The Pew Poll, which I reported on below, also finds huge majorities favoring the so-called “right to die.” This is an ambiguous term, often used by assisted suicide advocates to identify their cause. But this section of the poll is not referring to euthanasia or assisted suicide. Rather, it measures the belief that people have the right to refuse or stop unwanted medical treatment. That is a completely different moral issue from killing as a response to the difficulties associated with illness or disability.
The poll finds an unsurprising 84-10 in support of permitting death to come from natural causes by withdrawing life-sustaining treatment or other measures. Count me among the majority. As a former hospice volunteer, whose father died while under hospice care, I understand completely the importance of having the right not to have a respirator, chemotherapy, surgery, or even antibiotics. In the old parlance, people should not be hooked up to machines against their will.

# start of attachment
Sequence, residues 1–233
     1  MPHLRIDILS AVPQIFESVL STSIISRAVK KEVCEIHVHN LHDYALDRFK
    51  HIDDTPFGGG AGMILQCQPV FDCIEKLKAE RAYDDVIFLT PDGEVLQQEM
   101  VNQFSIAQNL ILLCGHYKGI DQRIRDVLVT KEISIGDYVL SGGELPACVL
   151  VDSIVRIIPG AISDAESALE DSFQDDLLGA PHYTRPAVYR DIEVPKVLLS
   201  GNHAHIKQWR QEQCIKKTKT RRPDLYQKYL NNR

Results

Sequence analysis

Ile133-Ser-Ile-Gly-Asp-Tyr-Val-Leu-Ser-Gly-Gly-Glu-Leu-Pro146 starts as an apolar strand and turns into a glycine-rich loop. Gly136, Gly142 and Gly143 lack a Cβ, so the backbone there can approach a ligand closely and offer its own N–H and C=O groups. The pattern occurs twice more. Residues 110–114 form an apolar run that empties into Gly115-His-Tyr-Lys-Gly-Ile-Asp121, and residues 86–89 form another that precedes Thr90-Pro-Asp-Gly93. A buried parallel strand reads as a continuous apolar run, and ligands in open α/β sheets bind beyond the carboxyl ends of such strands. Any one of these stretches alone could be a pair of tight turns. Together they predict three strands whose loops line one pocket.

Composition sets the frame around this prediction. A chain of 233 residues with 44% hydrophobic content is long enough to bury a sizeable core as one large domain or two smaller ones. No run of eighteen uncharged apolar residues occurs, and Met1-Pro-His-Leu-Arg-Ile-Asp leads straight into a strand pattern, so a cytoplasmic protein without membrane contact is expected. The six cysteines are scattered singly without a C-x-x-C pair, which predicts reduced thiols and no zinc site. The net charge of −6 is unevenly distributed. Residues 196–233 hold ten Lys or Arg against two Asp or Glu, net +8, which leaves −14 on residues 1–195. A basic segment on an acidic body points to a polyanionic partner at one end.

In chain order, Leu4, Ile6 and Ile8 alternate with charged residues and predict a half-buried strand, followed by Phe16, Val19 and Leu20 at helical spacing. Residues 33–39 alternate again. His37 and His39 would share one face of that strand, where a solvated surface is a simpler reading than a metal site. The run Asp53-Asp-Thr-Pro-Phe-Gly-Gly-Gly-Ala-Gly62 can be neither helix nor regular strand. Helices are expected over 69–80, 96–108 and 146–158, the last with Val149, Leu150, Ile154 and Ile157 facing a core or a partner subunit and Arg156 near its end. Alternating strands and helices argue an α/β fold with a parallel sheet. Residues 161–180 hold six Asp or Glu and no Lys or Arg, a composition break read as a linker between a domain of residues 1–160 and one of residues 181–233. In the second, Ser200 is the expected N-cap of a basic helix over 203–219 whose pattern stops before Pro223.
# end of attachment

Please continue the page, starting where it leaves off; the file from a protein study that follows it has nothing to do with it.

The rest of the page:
However, I believe that feeding tubes should be analyzed differently. I believe cutting off feeding tubes from people based on quality of life judgments or cognitive impairment alone is immoral.
But I am not the dictator. It seem clear that people want the right to be dehydrated by removal or withholding of tube-supplied nutrition and hydration if they become profoundly cognitively disabled. And indeed, that is the law in all fifty states.
That being noted, it does seem to me that given the fact that depriving people of water and nutrition can only have one outcome, and given the profound symbolism inherent in refusing to provide such basic care, the responsibility for refusing feeding tubes should be on the patient and should have to put in writing. Absent that, the strong presumption of the law should be to provide such sustenance in all medically appropriate cases. Otherwise, we risk resurrecting the notion of the life unworthy of life wherein people are taken out to put them out of our misery.